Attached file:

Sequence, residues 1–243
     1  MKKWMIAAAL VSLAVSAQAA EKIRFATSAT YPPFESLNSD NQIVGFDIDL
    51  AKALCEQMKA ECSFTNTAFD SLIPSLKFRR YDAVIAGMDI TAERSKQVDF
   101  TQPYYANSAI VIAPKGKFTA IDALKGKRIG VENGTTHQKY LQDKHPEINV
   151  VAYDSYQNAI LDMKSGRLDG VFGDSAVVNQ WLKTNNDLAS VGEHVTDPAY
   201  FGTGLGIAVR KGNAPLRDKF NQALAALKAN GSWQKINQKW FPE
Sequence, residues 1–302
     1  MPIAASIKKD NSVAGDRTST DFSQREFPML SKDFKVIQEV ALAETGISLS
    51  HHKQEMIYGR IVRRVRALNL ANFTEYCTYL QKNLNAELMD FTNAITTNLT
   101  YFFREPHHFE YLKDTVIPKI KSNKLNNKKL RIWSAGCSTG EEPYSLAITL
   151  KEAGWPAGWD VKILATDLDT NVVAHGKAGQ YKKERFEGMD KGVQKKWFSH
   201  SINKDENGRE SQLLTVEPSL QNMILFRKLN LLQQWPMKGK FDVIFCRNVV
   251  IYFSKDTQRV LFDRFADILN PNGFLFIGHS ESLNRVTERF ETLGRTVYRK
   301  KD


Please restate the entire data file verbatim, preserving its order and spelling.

Sequence, residues 1–243
     1  MKKWMIAAAL VSLAVSAQAA EKIRFATSAT YPPFESLNSD NQIVGFDIDL
    51  AKALCEQMKA ECSFTNTAFD SLIPSLKFRR YDAVIAGMDI TAERSKQVDF
   101  TQPYYANSAI VIAPKGKFTA IDALKGKRIG VENGTTHQKY LQDKHPEINV
   151  VAYDSYQNAI LDMKSGRLDG VFGDSAVVNQ WLKTNNDLAS VGEHVTDPAY
   201  FGTGLGIAVR KGNAPLRDKF NQALAALKAN GSWQKINQKW FPE
Sequence, residues 1–302
     1  MPIAASIKKD NSVAGDRTST DFSQREFPML SKDFKVIQEV ALAETGISLS
    51  HHKQEMIYGR IVRRVRALNL ANFTEYCTYL QKNLNAELMD FTNAITTNLT
   101  YFFREPHHFE YLKDTVIPKI KSNKLNNKKL RIWSAGCSTG EEPYSLAITL
   151  KEAGWPAGWD VKILATDLDT NVVAHGKAGQ YKKERFEGMD KGVQKKWFSH
   201  SINKDENGRE SQLLTVEPSL QNMILFRKLN LLQQWPMKGK FDVIFCRNVV
   251  IYFSKDTQRV LFDRFADILN PNGFLFIGHS ESLNRVTERF ETLGRTVYRK
   301  KD